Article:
Thursday, November 18, 2010

"A Thing of Beauty..."

"... Is a Joy Forever."

So said Edith Schaeffer. What a useful reminder this has been to me, over the years, when I'm tempted not to buy something, or spend time doing something, because it was only beautiful, and not practical. Beauty is, in and of itself, useful to living.  One fleeting look at a beautiful thing can bring joy for years and years. Beauty sticks in the memory.

I think I showed you our first camellia blossom last year.  Here is this year's.  It's much earlier, Adam says.  I wonder what that indicates about our coming winter? 
He handed me the flower while I was having my devotions this morning, jotting down my thoughts in this little book. Did I show you this before?  This little leather volume I bought over a year ago, at the Renaissance Festival -- all hand-made. I kept it for so long, not wanting to write in it, wanting to keep it for some Very Special Writing.  Phooey! I've enjoyed using it as I read the book of Jeremiah lately. I'm glad I gave in!
It has a leather strap to close it securely. Isn't leather beautiful?  It's rather hard to remind myself that it was once the warm skin on a living animal. I suppose in the New Earth we won't have leather, since it requires the death of something, to get it. A sobering thought. What other beautiful things do we enjoy, because something died?
I put the camellia in water, in the kitchen window.  She looks happier there.
Today I knitted another dish rag -- an "ugly rag," I call it :) So much for "things of beauty"!! Look closely.  See that aberrant row of purl stitches?  Oops! I looked askew at that row, reminded myself that it's only a dish rag, and didn't even bother to pull it out.  20 years ago, I could never have left it there;  it would have bothered me until I undid it. How a woman can change, after a husband, four kids, and a life of trials! I'm more mellow.
I can just hear those rows of knit stitches: "Ugh! Get this purl row out of here! We don't want him! He's a mistake."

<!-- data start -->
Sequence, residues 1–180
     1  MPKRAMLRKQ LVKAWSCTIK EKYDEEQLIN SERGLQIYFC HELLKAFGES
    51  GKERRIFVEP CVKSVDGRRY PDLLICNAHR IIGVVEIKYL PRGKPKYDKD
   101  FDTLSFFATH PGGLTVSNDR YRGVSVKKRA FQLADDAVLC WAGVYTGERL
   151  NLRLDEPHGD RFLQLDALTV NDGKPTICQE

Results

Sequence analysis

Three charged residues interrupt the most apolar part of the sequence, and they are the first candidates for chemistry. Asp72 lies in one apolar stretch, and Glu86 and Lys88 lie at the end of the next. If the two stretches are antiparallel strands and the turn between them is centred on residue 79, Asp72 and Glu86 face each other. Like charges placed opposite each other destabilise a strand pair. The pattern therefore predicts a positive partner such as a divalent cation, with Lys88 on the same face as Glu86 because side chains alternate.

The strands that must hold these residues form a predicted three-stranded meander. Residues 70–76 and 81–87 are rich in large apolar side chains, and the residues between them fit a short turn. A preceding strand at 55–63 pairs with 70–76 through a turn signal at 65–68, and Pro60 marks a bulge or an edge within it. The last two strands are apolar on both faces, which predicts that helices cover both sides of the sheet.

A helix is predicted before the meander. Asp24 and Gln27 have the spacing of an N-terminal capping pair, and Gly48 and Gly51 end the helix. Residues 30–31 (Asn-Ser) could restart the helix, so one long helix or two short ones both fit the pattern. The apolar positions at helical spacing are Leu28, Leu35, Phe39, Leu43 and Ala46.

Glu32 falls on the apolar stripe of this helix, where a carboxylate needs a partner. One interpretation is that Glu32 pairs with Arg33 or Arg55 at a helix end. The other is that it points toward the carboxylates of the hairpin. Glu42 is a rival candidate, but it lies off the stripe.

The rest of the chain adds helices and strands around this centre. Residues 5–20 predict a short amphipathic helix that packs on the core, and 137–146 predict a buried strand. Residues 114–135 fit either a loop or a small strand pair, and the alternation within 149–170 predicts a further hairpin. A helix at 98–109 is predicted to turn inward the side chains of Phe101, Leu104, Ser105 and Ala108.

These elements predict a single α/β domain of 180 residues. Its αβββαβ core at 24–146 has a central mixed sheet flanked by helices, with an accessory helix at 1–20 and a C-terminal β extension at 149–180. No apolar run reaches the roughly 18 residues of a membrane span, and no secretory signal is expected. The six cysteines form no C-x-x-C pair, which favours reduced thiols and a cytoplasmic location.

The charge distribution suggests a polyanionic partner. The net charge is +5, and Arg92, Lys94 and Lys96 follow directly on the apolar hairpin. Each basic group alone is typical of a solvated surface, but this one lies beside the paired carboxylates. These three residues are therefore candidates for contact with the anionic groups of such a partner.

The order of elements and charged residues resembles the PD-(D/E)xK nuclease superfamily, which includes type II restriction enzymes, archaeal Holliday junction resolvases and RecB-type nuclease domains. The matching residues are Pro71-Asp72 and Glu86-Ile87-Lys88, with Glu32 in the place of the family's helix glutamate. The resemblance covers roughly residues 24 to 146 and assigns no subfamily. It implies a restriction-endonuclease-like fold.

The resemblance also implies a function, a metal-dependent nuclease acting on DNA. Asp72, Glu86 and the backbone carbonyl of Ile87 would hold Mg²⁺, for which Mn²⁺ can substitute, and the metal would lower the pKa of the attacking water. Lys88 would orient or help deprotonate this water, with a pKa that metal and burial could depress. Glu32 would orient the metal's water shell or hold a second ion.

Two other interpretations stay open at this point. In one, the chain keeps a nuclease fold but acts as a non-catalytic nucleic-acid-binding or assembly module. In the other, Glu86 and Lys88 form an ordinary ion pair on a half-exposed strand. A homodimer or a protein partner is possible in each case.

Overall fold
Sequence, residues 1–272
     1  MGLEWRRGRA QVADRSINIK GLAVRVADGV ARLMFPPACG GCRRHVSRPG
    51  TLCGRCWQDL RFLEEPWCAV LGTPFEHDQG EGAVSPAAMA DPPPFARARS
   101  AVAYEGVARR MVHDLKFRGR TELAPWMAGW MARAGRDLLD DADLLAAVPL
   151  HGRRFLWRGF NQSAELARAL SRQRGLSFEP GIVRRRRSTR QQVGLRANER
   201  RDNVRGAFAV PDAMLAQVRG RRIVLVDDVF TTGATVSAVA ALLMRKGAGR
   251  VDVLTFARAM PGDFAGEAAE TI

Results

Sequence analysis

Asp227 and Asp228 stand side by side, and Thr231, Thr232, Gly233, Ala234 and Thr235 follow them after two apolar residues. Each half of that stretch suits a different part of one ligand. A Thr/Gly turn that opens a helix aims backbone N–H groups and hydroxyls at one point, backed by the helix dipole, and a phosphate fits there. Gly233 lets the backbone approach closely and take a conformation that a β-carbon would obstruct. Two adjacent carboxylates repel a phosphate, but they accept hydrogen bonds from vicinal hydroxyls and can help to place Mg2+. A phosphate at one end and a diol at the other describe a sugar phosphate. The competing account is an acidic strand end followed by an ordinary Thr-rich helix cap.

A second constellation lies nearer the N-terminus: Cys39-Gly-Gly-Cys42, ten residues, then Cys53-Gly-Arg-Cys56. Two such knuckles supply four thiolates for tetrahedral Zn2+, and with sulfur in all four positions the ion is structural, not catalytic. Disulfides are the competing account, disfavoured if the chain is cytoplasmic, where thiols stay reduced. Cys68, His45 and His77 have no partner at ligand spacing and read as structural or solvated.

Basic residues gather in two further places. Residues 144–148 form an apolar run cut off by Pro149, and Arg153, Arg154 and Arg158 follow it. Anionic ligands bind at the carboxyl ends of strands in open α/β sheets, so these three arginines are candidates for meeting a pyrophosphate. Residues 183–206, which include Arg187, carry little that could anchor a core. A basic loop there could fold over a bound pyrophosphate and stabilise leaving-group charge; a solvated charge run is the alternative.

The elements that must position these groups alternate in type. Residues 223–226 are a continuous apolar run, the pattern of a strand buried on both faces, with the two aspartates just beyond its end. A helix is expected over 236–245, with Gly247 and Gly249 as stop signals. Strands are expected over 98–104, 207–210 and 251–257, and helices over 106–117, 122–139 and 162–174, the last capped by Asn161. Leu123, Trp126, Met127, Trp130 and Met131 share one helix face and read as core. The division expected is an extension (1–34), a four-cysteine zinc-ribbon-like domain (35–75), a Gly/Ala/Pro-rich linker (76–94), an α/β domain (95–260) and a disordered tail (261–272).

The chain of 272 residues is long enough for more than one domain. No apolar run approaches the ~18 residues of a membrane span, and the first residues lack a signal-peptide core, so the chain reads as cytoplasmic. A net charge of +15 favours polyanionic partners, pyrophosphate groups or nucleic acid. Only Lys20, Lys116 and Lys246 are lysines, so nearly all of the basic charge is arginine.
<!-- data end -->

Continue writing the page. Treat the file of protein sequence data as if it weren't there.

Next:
Well, if you turn the rag over, you see that the purl rows can offer up the same complaint! "This knit row is all wrong! We don't want him!"
And of course, BOTH would be right.  One man's sunset is another man's sunrise, just around the globe. I don't mean to lapse into some kind of relativism, but it is useful to remember that, depending on perspective, things can look very different -- even antithetical! How can two people BOTH be right, when they seem on opposite sides of an issue?  Well, perhaps they're not really opposite each other, so much as two sides of a coin, a sunrise and a sunset,  a knit and a purl.

If an ugly dish rag can offer wisdom, is it a thing of beauty after all?


  1. What a fine example of beauty your camellia blossom is! Sorry, but I have to credit John Keats for originating that sentiment, which opens his poem, "Endymion": "A thing of beauty is a joy for ever:
    / Its loveliness increases; it will never / Pass into nothingness; but still will keep /
    A bower quiet for us, and a sleep /
    Full of sweet dreams, and health, and quiet breathing."

    Having just visited the Grove Park Inn yesterday to see the entries in this year's gingerbread house competition, I was struck by the amount of time that goes into creating works that are truly beautiful but inherently transient. . . .

  2. Ah - thank you for that correction! Schaeffer was one of my mother's favorite writers, and this quote was used by her in her book, "Hidden Art," I think. I never read it. And, you know, I had just recently read that very Keats quote you mention -- and I'd already forgotten it! Where did I read it? That will bother me until I remember :)

    The Grove Park houses are fabulous. I got to see them once. Stunning artistry.


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